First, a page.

Daily Current Affairs 15 February 2024- Top News Of The Day

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Daily Current Affairs 15 February 2024- Top News Of The Day

1. Political narratives and economic realities collide as farmer protests intensify ahead of elections and rural optimism declines.

Topic: GS3 – Indian Economy
Understanding important economic indicators like Minimum Support Prices (MSP), consumer sentiment, and the general state of the rural Indian economy makes this topic pertinent for both the Prelims and Mains exams.

– The opposition and the government are spreading narratives that are more and more different from one another as the Lok Sabha elections get closer.
– This difference is highlighted by the government’s “whitepaper” on the Indian economy, which was just released. It aims to prove that the BJP’s 2014–24 government was better than the Congress’ 2004–14 administration.
– The veracity of these conflicting accounts can be clarified by looking closely at particular problems.

More about the news:

Demand for a Law on MSP:

  • A crucial economic issue is brought to light by farmers’ renewed demand for a legislative guarantee of Minimum Support Prices (MSP) in the midst of ongoing protests.
  • Examining MSP trends shows a pattern of increases in line with election cycles, especially in wheat prices.
  • MSPs, however, only provide a limited picture of India’s agricultural economy; as a result, other factors like incomes and inflation rates must be taken into account.

Low Optimism in Rural India:

  • Surveys of consumer sentiment shed light on rural optimism, which has significantly decreased, especially in January 2024.
  • According to CMIE’s research, rural perceptions of the state of the economy are the main cause of the Index of Consumer Sentiment’s (ICS) precipitous decline.
  • This decline, which differs from pre-COVID levels of optimism, is attributed to factors like stagnating commodity prices and decreased profits.

Indian Consumer Sentiments:

  • The consumer confidence survey conducted by the Reserve Bank of India (RBI) provides additional information about how households view the state of the economy.
  • Throughout the government’s second term, a persistent trend of pessimism is reflected in the Current Situation Index (CSI).
  • Interestingly, consumer sentiment was surprisingly optimistic in March 2019, just before the Lok Sabha elections, but it has been largely negative since June 2017.


  • The way the economy is changing, as evidenced by consumer attitudes and farmer demonstrations, has a big impact on the next Lok Sabha elections.
  • The ability of the government to alleviate rural distress and its economic performance will probably be the main topics of discussion during the election.
  • It remains to be seen whether consumer sentiment turns more optimistic in the run-up to the elections, underscoring the dynamic interaction between political narratives and economic realities.
Practice Question: Examine the issues raised by rural economic stagnation, deteriorating consumer sentiment, and agrarian distress. Provide strategies to deal with these issues and promote sustainable development and inclusive growth in India’s rural and agricultural sectors. (15 m/250 words)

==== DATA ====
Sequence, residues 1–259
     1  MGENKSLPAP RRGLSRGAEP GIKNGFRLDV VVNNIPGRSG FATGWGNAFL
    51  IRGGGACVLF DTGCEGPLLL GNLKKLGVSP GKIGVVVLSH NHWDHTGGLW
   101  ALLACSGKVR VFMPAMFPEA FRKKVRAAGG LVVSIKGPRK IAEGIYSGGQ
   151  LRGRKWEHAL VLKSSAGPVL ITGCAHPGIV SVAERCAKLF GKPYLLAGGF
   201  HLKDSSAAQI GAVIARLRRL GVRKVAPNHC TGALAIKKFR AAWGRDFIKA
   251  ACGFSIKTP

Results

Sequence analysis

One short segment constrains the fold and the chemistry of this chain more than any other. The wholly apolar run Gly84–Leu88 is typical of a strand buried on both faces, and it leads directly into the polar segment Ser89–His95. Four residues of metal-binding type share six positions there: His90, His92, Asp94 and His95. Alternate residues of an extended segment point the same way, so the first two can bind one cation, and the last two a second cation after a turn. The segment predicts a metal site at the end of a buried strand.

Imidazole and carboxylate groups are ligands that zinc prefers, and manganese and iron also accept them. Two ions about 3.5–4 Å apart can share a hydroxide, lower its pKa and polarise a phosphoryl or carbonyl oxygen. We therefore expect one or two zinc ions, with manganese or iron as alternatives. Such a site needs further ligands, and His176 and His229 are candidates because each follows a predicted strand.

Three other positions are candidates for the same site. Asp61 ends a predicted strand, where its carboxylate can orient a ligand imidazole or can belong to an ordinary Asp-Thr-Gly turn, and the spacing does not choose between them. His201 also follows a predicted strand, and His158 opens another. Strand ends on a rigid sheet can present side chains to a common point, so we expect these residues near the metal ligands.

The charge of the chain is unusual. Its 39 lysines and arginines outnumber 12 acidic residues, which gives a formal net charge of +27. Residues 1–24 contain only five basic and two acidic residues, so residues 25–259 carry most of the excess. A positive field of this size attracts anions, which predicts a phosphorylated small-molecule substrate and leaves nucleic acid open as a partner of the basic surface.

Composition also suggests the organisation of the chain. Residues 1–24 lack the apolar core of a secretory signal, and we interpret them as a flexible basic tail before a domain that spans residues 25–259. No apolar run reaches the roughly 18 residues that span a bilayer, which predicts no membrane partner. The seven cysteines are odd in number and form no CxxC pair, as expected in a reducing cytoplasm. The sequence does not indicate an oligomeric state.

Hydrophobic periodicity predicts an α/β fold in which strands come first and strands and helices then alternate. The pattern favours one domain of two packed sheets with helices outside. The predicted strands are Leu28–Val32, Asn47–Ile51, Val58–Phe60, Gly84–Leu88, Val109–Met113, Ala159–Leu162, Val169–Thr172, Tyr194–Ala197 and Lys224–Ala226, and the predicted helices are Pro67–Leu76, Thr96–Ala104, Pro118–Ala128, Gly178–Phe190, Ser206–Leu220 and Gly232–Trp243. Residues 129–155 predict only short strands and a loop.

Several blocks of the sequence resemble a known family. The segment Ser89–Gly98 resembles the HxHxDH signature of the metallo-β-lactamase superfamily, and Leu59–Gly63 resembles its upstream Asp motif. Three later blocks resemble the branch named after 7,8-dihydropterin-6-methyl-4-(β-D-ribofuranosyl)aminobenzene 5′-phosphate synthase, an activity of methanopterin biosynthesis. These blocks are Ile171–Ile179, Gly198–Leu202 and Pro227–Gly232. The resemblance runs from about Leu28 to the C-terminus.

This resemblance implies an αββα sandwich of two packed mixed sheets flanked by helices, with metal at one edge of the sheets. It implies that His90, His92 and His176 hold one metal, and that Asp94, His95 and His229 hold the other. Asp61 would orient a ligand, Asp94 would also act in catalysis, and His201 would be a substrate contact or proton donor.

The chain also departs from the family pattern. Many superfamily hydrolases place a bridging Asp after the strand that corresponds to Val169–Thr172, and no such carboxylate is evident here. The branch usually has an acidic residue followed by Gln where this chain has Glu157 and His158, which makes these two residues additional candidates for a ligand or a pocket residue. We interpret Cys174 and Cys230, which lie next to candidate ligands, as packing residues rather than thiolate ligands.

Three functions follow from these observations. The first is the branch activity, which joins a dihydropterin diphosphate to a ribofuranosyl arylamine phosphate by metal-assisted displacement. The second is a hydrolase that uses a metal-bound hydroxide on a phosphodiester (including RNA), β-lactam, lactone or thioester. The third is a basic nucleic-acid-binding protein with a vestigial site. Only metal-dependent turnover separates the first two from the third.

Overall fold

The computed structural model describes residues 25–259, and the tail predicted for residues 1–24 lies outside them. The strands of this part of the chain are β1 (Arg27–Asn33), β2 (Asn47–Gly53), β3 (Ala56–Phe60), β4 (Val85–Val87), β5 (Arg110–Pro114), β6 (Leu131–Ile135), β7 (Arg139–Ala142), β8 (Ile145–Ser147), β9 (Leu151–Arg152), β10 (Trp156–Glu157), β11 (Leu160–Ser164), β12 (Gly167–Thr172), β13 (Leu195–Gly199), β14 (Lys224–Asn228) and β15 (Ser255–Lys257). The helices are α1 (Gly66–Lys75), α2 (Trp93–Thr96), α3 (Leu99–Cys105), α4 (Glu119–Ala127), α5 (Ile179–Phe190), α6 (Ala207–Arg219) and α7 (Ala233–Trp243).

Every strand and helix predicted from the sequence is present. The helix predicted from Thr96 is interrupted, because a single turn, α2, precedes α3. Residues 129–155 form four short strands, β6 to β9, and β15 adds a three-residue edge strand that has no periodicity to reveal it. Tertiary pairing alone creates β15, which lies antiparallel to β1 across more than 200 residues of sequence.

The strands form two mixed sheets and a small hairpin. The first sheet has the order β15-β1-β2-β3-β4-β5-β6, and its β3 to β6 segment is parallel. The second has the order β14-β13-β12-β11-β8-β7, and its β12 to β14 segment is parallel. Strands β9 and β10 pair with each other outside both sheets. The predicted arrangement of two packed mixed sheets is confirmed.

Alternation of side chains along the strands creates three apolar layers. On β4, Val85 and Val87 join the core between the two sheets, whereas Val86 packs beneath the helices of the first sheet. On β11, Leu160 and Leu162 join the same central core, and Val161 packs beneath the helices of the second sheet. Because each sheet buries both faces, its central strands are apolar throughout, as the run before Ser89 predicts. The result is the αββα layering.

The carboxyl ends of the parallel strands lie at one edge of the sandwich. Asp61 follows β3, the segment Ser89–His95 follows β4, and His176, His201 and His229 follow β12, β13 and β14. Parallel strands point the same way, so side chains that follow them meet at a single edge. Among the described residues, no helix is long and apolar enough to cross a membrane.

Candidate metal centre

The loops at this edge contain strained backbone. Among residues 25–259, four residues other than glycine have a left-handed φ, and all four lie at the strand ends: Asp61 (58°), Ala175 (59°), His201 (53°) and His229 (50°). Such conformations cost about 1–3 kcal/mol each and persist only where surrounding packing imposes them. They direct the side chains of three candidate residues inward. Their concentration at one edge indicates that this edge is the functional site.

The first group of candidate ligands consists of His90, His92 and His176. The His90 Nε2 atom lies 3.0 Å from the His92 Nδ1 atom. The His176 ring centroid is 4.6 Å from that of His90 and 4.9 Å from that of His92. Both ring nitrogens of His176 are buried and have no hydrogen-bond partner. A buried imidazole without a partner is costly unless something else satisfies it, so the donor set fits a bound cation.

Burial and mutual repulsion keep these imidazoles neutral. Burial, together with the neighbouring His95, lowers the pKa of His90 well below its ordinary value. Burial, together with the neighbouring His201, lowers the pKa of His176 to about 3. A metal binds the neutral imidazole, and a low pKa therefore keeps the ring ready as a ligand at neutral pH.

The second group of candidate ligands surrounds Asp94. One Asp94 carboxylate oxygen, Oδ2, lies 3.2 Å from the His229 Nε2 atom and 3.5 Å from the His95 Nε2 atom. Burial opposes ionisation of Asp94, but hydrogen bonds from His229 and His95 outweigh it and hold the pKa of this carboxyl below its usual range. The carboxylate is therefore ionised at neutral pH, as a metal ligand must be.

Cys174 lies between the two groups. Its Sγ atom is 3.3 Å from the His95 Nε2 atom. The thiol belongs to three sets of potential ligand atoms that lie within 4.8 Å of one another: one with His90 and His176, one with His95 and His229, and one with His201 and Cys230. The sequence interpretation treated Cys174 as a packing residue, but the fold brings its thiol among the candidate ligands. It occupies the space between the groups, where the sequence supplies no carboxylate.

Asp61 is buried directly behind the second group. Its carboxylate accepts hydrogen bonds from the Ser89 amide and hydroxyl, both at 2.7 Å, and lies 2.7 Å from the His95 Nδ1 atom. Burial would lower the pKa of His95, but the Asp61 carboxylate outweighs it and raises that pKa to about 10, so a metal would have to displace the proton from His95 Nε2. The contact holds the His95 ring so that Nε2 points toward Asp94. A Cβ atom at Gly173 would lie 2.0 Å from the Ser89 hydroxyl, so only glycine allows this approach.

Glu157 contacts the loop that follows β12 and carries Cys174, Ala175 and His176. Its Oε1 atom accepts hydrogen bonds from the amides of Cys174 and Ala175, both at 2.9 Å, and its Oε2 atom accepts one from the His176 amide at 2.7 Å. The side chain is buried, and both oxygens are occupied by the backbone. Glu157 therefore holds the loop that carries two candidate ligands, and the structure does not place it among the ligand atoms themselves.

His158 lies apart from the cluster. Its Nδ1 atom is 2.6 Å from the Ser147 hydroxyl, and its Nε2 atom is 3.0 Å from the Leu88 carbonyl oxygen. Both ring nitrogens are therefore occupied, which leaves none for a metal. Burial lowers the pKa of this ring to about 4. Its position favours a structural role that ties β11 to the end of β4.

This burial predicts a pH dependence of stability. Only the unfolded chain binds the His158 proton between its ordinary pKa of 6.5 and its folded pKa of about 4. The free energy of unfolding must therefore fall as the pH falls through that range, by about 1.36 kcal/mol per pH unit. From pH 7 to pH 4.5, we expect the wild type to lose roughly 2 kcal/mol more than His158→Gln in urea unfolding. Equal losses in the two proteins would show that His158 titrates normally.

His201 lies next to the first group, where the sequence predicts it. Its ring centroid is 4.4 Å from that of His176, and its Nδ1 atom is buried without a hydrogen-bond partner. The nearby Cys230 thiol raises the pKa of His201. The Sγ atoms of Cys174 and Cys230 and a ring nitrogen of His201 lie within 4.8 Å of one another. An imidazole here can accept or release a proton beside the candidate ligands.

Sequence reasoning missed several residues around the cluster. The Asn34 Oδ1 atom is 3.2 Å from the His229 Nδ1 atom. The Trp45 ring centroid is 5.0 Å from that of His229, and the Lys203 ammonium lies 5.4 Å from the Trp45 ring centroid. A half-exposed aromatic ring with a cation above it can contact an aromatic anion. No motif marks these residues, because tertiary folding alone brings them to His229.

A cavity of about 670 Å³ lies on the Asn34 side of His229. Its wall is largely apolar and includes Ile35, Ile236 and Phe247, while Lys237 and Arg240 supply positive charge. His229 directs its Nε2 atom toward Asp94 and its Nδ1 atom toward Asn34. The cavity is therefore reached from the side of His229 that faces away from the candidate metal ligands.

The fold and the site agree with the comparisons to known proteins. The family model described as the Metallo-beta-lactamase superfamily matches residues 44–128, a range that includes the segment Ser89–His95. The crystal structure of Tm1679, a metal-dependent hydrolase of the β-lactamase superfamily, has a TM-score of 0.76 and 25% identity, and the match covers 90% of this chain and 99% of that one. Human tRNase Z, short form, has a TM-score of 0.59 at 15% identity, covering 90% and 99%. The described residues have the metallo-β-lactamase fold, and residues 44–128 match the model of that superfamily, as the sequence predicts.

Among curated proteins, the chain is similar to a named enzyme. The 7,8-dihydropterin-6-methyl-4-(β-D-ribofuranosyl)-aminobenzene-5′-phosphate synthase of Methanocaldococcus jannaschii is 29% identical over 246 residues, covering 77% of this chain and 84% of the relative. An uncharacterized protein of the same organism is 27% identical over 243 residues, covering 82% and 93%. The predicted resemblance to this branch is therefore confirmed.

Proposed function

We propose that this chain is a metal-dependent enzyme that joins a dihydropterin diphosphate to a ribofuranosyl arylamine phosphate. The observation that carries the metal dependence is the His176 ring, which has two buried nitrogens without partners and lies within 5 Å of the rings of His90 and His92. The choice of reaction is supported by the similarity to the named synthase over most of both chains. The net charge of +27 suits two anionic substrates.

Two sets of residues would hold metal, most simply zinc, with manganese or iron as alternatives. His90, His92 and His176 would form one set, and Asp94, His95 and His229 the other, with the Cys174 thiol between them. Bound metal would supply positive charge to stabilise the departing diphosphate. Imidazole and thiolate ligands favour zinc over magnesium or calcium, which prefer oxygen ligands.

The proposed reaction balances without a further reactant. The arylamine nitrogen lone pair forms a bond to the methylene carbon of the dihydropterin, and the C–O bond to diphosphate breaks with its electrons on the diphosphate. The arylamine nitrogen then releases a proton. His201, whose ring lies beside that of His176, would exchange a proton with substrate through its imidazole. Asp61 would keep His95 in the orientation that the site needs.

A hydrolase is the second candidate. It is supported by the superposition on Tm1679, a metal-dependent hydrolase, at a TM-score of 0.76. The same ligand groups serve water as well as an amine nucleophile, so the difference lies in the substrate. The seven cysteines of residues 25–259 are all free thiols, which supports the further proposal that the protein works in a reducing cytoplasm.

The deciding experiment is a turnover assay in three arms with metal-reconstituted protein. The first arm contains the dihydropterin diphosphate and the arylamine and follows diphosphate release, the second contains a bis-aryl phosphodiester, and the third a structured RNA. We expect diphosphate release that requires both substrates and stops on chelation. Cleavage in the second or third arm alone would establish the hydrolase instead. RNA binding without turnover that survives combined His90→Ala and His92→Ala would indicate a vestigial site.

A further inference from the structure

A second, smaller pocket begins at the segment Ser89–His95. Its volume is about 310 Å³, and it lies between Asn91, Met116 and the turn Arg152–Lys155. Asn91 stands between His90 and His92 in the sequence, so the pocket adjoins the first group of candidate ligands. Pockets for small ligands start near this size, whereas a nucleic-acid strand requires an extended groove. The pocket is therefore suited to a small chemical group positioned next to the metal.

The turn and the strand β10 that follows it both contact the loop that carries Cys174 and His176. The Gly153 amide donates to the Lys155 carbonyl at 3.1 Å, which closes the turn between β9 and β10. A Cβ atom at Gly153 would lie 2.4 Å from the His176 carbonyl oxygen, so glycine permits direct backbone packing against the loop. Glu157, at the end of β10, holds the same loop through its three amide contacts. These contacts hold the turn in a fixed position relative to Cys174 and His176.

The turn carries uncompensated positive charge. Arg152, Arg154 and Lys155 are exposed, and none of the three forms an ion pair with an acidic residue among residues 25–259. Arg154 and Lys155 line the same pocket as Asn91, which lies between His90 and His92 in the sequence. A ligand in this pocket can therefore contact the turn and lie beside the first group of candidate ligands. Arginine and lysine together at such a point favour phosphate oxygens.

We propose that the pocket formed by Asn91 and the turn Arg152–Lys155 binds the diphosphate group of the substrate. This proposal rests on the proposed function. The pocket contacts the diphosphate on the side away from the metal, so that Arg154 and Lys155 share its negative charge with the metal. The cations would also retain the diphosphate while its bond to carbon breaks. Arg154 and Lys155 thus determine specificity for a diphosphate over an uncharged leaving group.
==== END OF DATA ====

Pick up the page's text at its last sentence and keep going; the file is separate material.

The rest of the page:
2. First Hindu Temple in the UAE Opened by PM Modi, Signifying Cultural Harmony and Bilateral Relations

Topic: GS1 – Indian Culture – Architecture
GS2 – International Relations – Bilateral Relations
Given the backdrop of the building and dedication of the BAPS Swaminarayan temple in Abu Dhabi, which emphasizes the importance of Hindu culture and its global reach, this topic is pertinent for both the Prelims and Mains exams.

– The first Hindu temple to be constructed in the United Arab Emirates (UAE) was dedicated by Prime Minister Narendra Modi at the BAPS Swaminarayan temple in Abu Dhabi.
– Part of a global network of 1,550 temples, the temple was built by the Bochasanwasi Akshar Purushottam Swaminarayan Sanstha (BAPS), a denomination of the Swaminarayan sampradaya. Notable temples include the Akshardham temples in New Delhi and Gandhinagar, as well as Swaminarayan temples in numerous international cities.

More about the news:


 Cultural and Community Significance:

  • About 150 to 200 BAPS Swaminarayan devotee families reside in the United Arab Emirates, which is home to a sizable Indian diaspora of approximately 3.3 million people.
  • Tenth spiritual guru of the sect, Pramukh Swami Maharaj, saw the temple’s construction as a symbol of unity uniting nations, communities, and cultures, reflecting the need for a significant place of worship for the local Indian community.

Symbolism and Bilateral Relations:

  • The temple, which was built in the traditional Nagara style, represents harmony and peace with its seven shikharas, which stand in for the seven Emirates of the United Arab Emirates.
  • Prime Minister Modi highlighted during the inauguration ceremony that the building’s architecture represents the close bilateral ties that exist between India and the United Arab Emirates.

Architectural Features:

  • The impressive architectural features of the Rs 700 crore temple include Italian marble interiors, a ‘Wall of Harmony’ with inscriptions in thirty different languages, and bells honoring Pramukh Swami Maharaj.
  • The complex, which occupies 13.5 acres, has community center, classrooms, and assembly halls among its amenities.

Diverse Depictions and Cultural Representations:

  • The temple is dedicated to several Indian regions’ deities and features representations of the Ganga, Yamuna, and Saraswati rivers.
  • The temple is also decorated with murals that depict tales from Indian and international civilizations, showcasing a wide range of cultural narratives.


  • The opening of the BAPS Swaminarayan temple in Abu Dhabi is a major step forward in both culture and diplomacy, demonstrating how intercultural dialogue, architectural beauty, and religious devotion can all work together to promote peace and harmony among peoples.

BAPS Full Form:
– Shri Akshar Purushottam Swaminarayan Sanstha Bochasanwasi (BAPS).